At UW Medicine, new buildings mean more lab space for researchers tackling some of society's most pressing health problems. Of the $1 billion UW Medicine seeks to raise over the course of Campaign UW, $60 million is earmarked for its South Lake Union campus, which will add nearly 800,000 square feet to UW Medicine's lab capacity.
Lynn Hogan, '69, executive director of development for UW Medicine, says the University's success in competing for federal research funds depends on more space. An infusion of private funding, she says, will enable the UW to continue its groundbreaking work in a variety of areas affecting health. For example, among the research projects to be housed at the South Lake Union campus are efforts to find a breast cancer vaccine and a push to combat heart attacks by growing new cardiac tissue.
UW Medicine's goals also include about $80 million for student support. "Our students graduate with an average of $80,000 debt and that is from medical school alone," Hogan says. "That debt often keeps students from making the career choice that they would really wish to make."
In addition to its aspirations for UW Medicine, the UW hopes to increase funding for graduate and professional student support. Graduate students are an asset to the classroom and the research enterprise. Often top faculty will not come to a university unless they know there are funds to support graduate students as well.
Whether it's support for undergraduates, graduate students, professors, new buildings or academic programs, the UW needs gifts of every size, says Kravas, who adds that the sum of generous donors at every level that will make or break the campaign. "It's the hardest thing to convey to donors, but it's so true that every gift of every size makes a difference," she says.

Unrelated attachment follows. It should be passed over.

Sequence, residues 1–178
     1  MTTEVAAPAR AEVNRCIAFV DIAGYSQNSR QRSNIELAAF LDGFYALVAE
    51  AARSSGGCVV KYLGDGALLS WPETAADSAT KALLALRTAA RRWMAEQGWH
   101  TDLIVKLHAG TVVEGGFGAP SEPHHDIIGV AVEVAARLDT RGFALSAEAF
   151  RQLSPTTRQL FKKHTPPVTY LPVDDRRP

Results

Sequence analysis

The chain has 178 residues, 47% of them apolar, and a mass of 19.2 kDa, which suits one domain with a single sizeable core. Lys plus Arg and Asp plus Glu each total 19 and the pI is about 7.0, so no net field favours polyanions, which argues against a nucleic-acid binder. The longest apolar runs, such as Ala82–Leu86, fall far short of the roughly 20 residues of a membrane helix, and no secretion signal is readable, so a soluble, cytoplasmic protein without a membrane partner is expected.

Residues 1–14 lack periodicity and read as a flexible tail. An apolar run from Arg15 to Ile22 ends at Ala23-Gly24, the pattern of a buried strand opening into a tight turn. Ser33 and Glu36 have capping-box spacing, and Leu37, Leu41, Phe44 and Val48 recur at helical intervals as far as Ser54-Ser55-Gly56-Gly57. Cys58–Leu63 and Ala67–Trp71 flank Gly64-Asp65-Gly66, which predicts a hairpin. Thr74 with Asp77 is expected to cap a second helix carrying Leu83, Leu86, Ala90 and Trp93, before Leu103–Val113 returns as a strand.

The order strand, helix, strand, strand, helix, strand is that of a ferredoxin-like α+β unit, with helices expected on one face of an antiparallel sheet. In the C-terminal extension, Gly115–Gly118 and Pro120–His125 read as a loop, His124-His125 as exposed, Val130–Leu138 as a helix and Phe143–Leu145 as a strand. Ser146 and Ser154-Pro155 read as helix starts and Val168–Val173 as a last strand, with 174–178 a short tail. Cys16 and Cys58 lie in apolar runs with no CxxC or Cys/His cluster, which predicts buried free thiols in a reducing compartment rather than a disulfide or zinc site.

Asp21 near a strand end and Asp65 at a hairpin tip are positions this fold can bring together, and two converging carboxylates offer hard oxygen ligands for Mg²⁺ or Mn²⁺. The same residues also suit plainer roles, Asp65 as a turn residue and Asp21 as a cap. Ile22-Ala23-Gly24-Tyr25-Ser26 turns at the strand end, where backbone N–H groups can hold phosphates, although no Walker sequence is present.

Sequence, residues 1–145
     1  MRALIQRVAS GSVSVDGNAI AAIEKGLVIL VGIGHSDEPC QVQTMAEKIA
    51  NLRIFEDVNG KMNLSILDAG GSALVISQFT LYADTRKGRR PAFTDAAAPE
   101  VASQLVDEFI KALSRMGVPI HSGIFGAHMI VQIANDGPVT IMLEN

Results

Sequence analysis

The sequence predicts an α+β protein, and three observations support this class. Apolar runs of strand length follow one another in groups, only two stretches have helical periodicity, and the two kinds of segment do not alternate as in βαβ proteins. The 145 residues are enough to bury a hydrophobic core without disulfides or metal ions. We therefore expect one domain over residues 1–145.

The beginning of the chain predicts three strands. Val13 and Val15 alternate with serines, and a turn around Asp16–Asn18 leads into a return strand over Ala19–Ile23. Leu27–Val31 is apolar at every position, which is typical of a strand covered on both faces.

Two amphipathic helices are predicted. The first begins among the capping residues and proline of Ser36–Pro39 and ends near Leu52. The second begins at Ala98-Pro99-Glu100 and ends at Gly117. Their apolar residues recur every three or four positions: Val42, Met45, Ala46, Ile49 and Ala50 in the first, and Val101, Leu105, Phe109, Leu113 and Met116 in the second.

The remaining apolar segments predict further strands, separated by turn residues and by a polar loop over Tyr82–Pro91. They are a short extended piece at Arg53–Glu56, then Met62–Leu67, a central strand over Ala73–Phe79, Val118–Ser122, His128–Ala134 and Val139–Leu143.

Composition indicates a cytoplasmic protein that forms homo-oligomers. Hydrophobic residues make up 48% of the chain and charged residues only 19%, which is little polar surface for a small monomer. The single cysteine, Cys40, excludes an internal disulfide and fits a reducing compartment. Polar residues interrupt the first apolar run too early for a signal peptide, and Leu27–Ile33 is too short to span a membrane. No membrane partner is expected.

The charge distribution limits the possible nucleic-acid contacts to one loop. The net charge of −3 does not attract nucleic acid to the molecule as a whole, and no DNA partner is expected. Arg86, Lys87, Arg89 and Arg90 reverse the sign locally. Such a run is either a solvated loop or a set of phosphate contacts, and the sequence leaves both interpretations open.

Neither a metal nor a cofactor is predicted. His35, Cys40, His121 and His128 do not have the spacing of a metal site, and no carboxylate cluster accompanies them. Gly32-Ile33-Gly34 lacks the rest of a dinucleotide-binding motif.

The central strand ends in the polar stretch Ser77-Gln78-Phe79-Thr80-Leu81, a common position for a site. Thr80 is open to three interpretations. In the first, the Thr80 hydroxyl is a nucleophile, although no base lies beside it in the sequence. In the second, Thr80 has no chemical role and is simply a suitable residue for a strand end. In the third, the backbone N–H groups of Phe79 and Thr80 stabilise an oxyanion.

Walt Dryfoos, associate vice president of advancement services, points out that through June, 64,353 donors had given to the campaign at the level of less than $100. Those contributions totaled more than $2.3 million.
"Nobody would say that $2.3 million wasn't a major gift," he says. "It just took 63,713 people to make that major gift. That's why the smaller gifts are important. It's like former Senator William Proxmire said: 'A billion here, and a billion there, and pretty soon you're talking about real money.' Well, $25 here and $25 there, and pretty soon you're talking about real money in this context. We need all of those people."
The University will officially launch the public phase of its campaign at "Come Together Washington," a community celebration that starts at 6 p.m. Thursday, Oct. 15, in Hec Edmundson Pavilion. Microsoft Chairman Bill Gates is the keynote speaker and President Mark Emmert will make his first major address. For Mike McGavick, the event provides an opportunity to share with the public the incredible depth and breadth of the University's impact on the economy, global health, education, the environment, and the cultural fabric of our community.
"In all of those dimensions," he says, "the University of Washington is creating futures that are better for subsequent generations. And for our own."
If he set his time machine controls forward into the future, McGavick might see three thriving UW campuses. The central core of the Seattle campus would be preserved with its stunning Collegiate Gothic architecture, but surrounding it would be dramatic facilities for teaching and research. Both UW Bothell and UW Tacoma might have evolved into four-year universities serving thousands of students in spectacular buildings that enhance their unique environments.
Just as in the 20th century UW research perfected kidney dialysis and a vaccine for Hepatitis B, in this future world it might make a lasting contribution to global health through an AIDS vaccine or a cure for malaria. Just as UW researchers helped save Lake Washington from pollution in the 1960s, in the future it might preserve precious environments such as the Hood Canal or old growth forests.
Stepping out of his time machine, McGavick might be surprised at the economic spin-offs that came from UW research and teaching-just as today's leaders look back at how the UW aided both Boeing's and Microsoft's beginnings. The richness of the community's civic and cultural life would be even stronger thanks to the contributions of the University and its graduates.
Campaign UW, he says, is the next necessary step in the University's attempts to secure that brighter future.
Joanne De Pue is a writer in UW Advancement Communications and the former editor of the Pike Place Market News.
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